“Version”, “Translation”, “Edition”, “Revision”…
What’s the Difference?

People often misuse these words, especially with respect to Bibles.  That’s unsurprising because the matter is not very simple.  I’ll work my way from the more general to the more specific.  In this first half of the article I’ll use only simple definitions.  In the second half of the article I’ll address each word more precisely and at greater length.

In Simple Terms…

Please be aware that the following definitions are limited specifically to how the words are used to describe Bibles.  Also: the definitions given here are less than precise, but they are fairly easy to remember and fairly useful.

Version

The actual words that make up the Bible text.
Explanation
Imagine we have two Bibles:  Bible A and Bible B.  If all of the words in all of the Bible verses in Bible A are exactly the same as all of the words in the verses of Bible B, then the two Bibles are the same Bible version.
Important Note
Some claim that a Bible “version” is not a translation—is never a translation.  That claim is quite simply false.  Almost all English Bible versions currently in print are direct translations by accredited language experts from original language source texts.
Jump to:  Edition Revision

Translation

The English words in the Bible text are a direct result of translation into English from one or more other languages.
Explanation
Most English Bible versions are translations.  That is:  the primary source document(s) used by the creator(s) of a Bible translation are written in foreign language(s), and those primary source documents were translated into English to produce the English Bible translation.  However:  there are a few English Bible versions that technically are not translations.  These exceptions have as their primary source some other English Bible version.  The following examples show the two typical types of exceptions:
  • American King James Version - primary source is the King James Version.  Archaic words have been modernized.
  • The Living Bible - primary source is an earlier English translation which was re-written to make the Bible easier to read.
Jump to:  Version Revision

Edition

A particular format of a particular Bible version produced by a particular publisher.
Explanation
Let’s consider the following Bibles:
  1. The NIV Beautiful Word Bible published by Zondervan.
  2. The NIV Rainbow Study Bible, Brown Bonded Leather published by Holman Bible Publishers.
  3. The NIV Rainbow Study Bible, Hardcover published by Holman Bible Publishers.
  • Those are all the same Bible version.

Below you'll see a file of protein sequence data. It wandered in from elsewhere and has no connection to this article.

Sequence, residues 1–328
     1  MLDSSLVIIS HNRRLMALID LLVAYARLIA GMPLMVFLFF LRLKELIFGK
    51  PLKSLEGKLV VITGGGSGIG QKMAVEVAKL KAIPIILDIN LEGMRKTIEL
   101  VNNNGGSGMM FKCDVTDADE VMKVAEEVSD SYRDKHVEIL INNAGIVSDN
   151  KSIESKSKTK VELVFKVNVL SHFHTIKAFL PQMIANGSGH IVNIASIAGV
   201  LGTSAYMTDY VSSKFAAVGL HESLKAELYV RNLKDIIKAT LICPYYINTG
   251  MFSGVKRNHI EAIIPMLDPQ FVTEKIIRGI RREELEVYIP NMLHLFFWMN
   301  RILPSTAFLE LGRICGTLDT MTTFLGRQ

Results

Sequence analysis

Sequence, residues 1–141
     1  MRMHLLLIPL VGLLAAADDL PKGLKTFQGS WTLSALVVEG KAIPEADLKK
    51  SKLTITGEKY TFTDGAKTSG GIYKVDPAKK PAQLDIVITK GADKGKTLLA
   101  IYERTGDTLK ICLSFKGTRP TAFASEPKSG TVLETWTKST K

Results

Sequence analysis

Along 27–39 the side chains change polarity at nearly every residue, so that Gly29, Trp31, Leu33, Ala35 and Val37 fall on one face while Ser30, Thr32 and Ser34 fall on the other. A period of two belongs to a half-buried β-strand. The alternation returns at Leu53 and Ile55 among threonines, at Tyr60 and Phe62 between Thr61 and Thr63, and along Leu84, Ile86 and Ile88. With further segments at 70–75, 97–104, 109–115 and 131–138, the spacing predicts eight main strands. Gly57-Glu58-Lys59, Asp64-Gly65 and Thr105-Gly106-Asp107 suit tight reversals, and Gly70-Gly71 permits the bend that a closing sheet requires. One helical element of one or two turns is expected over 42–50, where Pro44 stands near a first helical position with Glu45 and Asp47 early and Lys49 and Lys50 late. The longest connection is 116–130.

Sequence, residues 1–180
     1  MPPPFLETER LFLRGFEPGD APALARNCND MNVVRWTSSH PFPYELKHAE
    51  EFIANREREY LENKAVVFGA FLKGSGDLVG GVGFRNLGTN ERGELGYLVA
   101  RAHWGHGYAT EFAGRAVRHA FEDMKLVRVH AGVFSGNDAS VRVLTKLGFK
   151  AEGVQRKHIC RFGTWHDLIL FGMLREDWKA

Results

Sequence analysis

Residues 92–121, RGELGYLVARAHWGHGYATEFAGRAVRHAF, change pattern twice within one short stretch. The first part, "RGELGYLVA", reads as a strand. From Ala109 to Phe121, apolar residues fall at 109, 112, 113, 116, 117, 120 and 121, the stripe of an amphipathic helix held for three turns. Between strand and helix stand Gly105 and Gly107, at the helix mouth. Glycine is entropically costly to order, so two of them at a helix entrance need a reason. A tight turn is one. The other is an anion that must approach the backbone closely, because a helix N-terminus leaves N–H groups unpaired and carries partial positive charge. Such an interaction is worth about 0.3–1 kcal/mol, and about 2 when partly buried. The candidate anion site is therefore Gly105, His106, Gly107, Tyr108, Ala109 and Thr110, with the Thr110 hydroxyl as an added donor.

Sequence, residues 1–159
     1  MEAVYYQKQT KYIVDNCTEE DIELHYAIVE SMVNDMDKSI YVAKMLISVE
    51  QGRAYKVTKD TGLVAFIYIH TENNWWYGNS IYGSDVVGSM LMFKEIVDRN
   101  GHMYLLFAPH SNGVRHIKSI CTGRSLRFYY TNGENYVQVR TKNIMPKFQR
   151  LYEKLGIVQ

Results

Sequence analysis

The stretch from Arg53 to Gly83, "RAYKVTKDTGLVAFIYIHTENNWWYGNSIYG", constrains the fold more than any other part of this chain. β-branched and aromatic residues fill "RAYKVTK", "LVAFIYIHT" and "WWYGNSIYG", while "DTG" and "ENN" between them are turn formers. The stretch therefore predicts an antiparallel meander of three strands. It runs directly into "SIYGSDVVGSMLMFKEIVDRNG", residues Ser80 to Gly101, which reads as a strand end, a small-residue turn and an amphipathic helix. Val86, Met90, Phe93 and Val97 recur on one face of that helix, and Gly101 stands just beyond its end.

• Those are all the same Bible translation (the NIV is a translation).
  • But those are all different editions of that particular Bible version.
On the other hand:  if you have two identical copies of the NIV Beautiful Word Bible, then you have two copies of the same edition.  Difference in size, difference in construction, difference in the cover material, difference in the paper - basically any visible difference inside or outside, and several other types of differences, indicate different editions of the Bible.
Jump to:  Version Translation

Revision

Unfortunately “revision” and “revised” are very ambiguous terms.  Below I list the various meanings with absolute minimum explanation.  Part two of this article addresses all of these terms with more precision and in more detail. 
  • Revision / Revised #1 - the Bible is a new translation that relies on an existing English translation (a reference version) for word choices.  So:  a new (genuine) translation that by design sounds a lot like an earlier translation.
  • Revision / Revised #2 - the Bible is a minor update of an existing Bible version.  Basically:  very similar to the existing Bible version but “New and Improved”.  Unlike “Revision / Revised #1” this is not a completely new translation (it is only a minor update), but typically translation by professional translators is involved in producing this type of revision.
  • Revision / Revised #3 - the Bible is a significant alteration to an existing English Bible version apparently without any translation involved.  This is the least common type of “Revision / Revised” found among in-print English Bible versions.

Not bored yet?  Want every excruciating detail of these terms so that you can use them with absolute correctness and precision?  Then continue on to